Is There a Cloak Big Enough?

An evolving midrash on Fabrangen‘s Omer Blog is exploring the idea of eating the fruit — honoring the essential Torah of an individual or community — while discarding the rind: In the case of the talmudic era Elisha ben Abuyah, the “rind” is understood as outright apostasy, but his student/friend Meir continues to defend and enjoy the fruit.

Even beyond the “fruit/rind” strategy, Rabbi Meir insists on redeeming his friend/teacher by spreading his cloak over Acher as Boaz did to redeem Ruth, welcoming the other.

Can this same strategy be employed between Jewish communities with apparently intractable differences of practice and belief? A truly welcoming cloak would have to leave room for the other to be other: is there a cloak that big?

Ratifying a Schism?

On the bus yesterday, I was reading an essay by a modern orthodox rabbi as I wended my way toward Reform services.

I was struck by how deeply I object to some of the non-inclusive things this rabbi author has said, even while I marveled at the depth and beauty of the material in my hand. How much fruit would I miss, I thought, if I let the rind determine what I tasted?

On the other hand, I struggle with whether and how to cite sources, however illuminating in some cases, if they also contain material antithetical to my most basic beliefs: Is citing them exercising inclusivity or legitimating non-inclusive views?

More urgently, events of Rosh Hodesh Sivan (May 10) at the Western Wall illuminate a frightening situation: We have one group of Jews (haredim) calling another group (Women of the Wall) “gentiles.” In response, some Jewish leaders are asking if it’s time to declare that what the haredim practice — at the Wall and elsewhere — is, bluntly, not Judaism.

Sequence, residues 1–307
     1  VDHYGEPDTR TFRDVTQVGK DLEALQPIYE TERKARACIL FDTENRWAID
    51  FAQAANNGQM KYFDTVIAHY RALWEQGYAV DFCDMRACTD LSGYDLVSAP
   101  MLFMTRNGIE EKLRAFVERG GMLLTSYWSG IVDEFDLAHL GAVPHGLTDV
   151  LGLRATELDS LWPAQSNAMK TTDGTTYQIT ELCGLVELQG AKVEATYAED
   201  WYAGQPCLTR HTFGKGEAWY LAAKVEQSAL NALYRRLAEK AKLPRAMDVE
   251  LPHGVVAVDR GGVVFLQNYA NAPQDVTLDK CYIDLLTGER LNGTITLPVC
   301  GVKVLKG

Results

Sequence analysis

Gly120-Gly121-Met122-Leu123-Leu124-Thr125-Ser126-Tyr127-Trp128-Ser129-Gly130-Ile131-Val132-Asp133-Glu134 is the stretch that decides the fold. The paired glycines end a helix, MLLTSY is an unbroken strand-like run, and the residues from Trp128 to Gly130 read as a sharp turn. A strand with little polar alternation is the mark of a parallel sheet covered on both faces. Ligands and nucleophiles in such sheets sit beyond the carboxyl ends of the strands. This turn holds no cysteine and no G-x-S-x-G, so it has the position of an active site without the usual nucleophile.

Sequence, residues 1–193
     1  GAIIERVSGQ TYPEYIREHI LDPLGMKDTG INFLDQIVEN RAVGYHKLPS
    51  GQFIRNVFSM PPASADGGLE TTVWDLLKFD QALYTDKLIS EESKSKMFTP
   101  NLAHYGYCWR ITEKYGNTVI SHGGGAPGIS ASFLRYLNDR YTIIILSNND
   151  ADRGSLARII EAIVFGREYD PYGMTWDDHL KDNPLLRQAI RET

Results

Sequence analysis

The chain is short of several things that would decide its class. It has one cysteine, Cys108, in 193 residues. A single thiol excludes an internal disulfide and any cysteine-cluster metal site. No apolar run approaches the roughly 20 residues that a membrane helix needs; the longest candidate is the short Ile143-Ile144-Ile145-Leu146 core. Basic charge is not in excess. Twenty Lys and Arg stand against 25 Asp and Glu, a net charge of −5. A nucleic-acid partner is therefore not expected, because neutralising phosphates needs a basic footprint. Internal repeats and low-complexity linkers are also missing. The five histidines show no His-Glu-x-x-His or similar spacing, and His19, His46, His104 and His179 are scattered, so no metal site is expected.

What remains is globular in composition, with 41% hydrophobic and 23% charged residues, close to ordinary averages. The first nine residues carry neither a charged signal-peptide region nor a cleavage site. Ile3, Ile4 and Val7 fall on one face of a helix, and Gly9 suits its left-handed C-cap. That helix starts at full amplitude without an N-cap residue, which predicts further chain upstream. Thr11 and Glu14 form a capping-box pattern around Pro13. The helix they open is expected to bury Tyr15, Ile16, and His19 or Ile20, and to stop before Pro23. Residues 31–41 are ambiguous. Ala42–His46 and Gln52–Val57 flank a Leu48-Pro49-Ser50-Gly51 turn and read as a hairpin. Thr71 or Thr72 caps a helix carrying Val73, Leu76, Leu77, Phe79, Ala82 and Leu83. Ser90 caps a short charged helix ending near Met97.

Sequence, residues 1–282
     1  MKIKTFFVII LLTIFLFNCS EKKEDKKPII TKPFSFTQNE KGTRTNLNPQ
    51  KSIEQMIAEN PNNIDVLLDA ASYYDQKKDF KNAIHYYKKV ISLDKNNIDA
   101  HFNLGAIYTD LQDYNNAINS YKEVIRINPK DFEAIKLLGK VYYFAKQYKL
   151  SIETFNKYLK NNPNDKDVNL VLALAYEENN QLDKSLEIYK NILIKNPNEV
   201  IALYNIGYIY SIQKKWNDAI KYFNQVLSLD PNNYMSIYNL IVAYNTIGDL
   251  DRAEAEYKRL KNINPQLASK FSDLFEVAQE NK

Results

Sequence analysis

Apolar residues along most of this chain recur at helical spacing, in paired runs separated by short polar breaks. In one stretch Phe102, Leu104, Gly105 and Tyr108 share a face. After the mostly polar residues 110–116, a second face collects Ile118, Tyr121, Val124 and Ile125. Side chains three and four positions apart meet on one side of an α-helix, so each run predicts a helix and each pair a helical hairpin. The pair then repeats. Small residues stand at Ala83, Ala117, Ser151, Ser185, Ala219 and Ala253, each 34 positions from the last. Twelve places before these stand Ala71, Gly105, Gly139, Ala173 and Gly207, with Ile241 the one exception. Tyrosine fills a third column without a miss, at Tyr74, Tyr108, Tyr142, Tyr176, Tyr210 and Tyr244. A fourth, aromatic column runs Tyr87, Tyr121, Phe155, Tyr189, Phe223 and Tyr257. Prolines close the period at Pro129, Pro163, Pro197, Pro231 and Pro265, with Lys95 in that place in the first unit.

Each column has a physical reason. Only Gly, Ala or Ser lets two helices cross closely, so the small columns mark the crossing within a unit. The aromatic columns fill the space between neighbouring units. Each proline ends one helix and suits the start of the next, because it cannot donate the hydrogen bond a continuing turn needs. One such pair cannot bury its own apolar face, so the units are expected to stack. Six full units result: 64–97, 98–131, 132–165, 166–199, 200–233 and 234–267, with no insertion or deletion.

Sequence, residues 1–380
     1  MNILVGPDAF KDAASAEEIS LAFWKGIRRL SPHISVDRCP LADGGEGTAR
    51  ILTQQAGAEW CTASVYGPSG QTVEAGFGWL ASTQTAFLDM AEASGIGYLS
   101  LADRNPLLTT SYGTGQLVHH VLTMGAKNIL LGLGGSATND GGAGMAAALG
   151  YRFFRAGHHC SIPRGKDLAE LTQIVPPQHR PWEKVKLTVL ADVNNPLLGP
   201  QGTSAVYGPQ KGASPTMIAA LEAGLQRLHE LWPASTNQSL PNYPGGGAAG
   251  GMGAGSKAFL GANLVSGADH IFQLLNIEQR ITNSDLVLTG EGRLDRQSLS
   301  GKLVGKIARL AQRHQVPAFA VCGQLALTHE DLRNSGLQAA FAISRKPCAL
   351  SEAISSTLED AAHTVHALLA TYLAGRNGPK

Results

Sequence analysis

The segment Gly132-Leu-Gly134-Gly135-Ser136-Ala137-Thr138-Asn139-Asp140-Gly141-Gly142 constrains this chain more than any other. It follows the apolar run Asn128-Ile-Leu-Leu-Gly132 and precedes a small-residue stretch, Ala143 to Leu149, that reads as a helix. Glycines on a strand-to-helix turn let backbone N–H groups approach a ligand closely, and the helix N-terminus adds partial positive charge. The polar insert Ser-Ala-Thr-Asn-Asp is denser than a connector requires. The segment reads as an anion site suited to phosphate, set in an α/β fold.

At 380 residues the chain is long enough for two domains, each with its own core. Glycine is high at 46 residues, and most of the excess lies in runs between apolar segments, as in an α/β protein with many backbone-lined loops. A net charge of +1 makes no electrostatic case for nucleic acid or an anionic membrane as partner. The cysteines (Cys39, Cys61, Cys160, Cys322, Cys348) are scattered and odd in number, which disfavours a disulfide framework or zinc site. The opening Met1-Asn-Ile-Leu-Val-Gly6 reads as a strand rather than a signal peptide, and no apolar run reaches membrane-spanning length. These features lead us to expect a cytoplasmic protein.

Perhaps it would it be best if the apparent schism were simply ratified. But what if instead we searched for a way to spread our cloaks, so to speak, over one another?

Or Finding a Cloak?

Is it possible for Jews committed to women’s prayer (aloud and in ritual garb of their choice) to honor the Torah of those who believe this is a desecration? Is there some bit of fruit here — a desire to preserve the practices of our ancestors, perhaps — that can be understood as being honored, even in the actions of Jews who live contrary to haredi practice?

Might it be possible for Jews committed to gendered roles in prayer to honor the Torah of those who believe stifling women’s prayer is a desecration? Is there some bit of fruit here — a desire of a soul to articulate its true nature before God, perhaps — that can be understood as being honored, even in the action of Jews who live contrary to this practice?

Can we switch our embattled positions to ones that seek to honor the Torah in the other?

How much difference would it make if all sides in the conflict — or maybe just those who are able to do so at this time — viewed the other as possessors of Torah worthy of honor?

Permission to Pray

The sitting kedushah includes these words:

All [the ministering angels] receive upon themselves, from each to each, the yoke of heaven’s rule, and lovingly give to one another the permission to declare their maker holy. In an ecstasy of spirit, with pure speech and holy melody, all of them respond in awe as one and cry, “Holy, holy, holy….”